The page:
Understanding property rental yields

Posted by Mark Lloyd, Property Mastery Academy on 27 January 2020 | Comments

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Property rental yield is a way of calculating the return you’re making on a rental property investment.

Yields can vary dramatically because so many factors such as regional variation, property prices and capital growth come into play.

commercial property yields

How to calculate gross property rental yield

Gross property rental yield is calculated by dividing a year's rent by the purchase price of the property and multiplying by 100.

If you purchase a £400,000 property and take £1,500 a month in rent, your annual rental income is £18,000, and the gross rental yield is 18,000 divided by 400,000 x 100, which equates to 4.5%.

Gross rental yield doesn’t take into account other cost factors such as mortgage payments, buildings insurance or maintenance of the property.

How to calculate net property rental yield

Net property rental yield is worked out by first deducting the costs associated with the property from your annual rental income.

Then there are two options you can use to calculate the net yield. You can either work out the yield by dividing your net income with the property’s value. Or you can use the initial capital outlay on the property, which is the full amount less what you’ve borrowed via a mortgage. Obviously, the rental yield percentage is going to come out higher using this last option.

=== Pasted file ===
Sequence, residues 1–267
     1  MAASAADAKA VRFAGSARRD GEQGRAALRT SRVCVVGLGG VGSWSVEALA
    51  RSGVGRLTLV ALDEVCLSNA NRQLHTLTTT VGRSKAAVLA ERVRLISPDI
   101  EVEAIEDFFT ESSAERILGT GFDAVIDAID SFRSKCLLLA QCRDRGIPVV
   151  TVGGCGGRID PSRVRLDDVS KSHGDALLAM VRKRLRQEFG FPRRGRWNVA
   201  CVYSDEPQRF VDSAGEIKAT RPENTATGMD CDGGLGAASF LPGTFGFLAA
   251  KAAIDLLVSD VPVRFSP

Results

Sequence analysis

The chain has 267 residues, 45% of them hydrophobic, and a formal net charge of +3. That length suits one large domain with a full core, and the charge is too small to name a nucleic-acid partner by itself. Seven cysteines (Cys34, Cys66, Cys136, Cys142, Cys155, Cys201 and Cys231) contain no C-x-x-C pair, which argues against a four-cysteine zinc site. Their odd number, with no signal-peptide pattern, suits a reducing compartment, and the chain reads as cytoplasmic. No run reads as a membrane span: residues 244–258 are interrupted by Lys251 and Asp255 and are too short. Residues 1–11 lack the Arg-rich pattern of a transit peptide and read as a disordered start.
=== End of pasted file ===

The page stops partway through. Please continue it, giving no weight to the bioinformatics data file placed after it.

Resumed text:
Calculating net rental yield rather than gross gives you a much clearer picture of your income versus expenditure on the property.

How to maximise property rental yield

According to Property Investments UK, a rental yield of 7% would be considered good.

But fluctuations on this are common due to changes in mortgage interest rates, taxes, plus tax relief available, and variations in property prices.

There are many ways you can increase your rental yield. The most straightforward method is to increase the rent on the property. However, this is only viable if you’re currently charging less than the going market rate for your type of property in that area.

There are other ways to potentially maximise your rental yield by making the most of any tax relief. You may be able to offset certain costs from your income such as buildings and contents insurance, council tax, any utility bills you pay on behalf of your tenant, and necessary maintenance.

However, from April 2020, you won’t be able to deduct mortgage interest from your rental income when calculating your tax if the property is purchased in a personal name. From this date, all your rental income is taxed, but you qualify for a 20% tax credit on your mortgage interest.

A good way to increase rental yield is to upgrade your property. You can charge more rent if you have features that are in demand by tenants, including high spec kitchens and bathrooms. Read our recent post on What Renters Look For - 6 Most Wanted Property Features.

Surprisingly, one simple way to make your property more popular is to allow pets. We’re a nation of animal lovers, and there are millions of pet owners in the UK. Some landlords don’t allow pets but, if you advertise your property as pet-friendly, you may find tenants willing to pay that bit extra.

Would you like to learn more about property investment?

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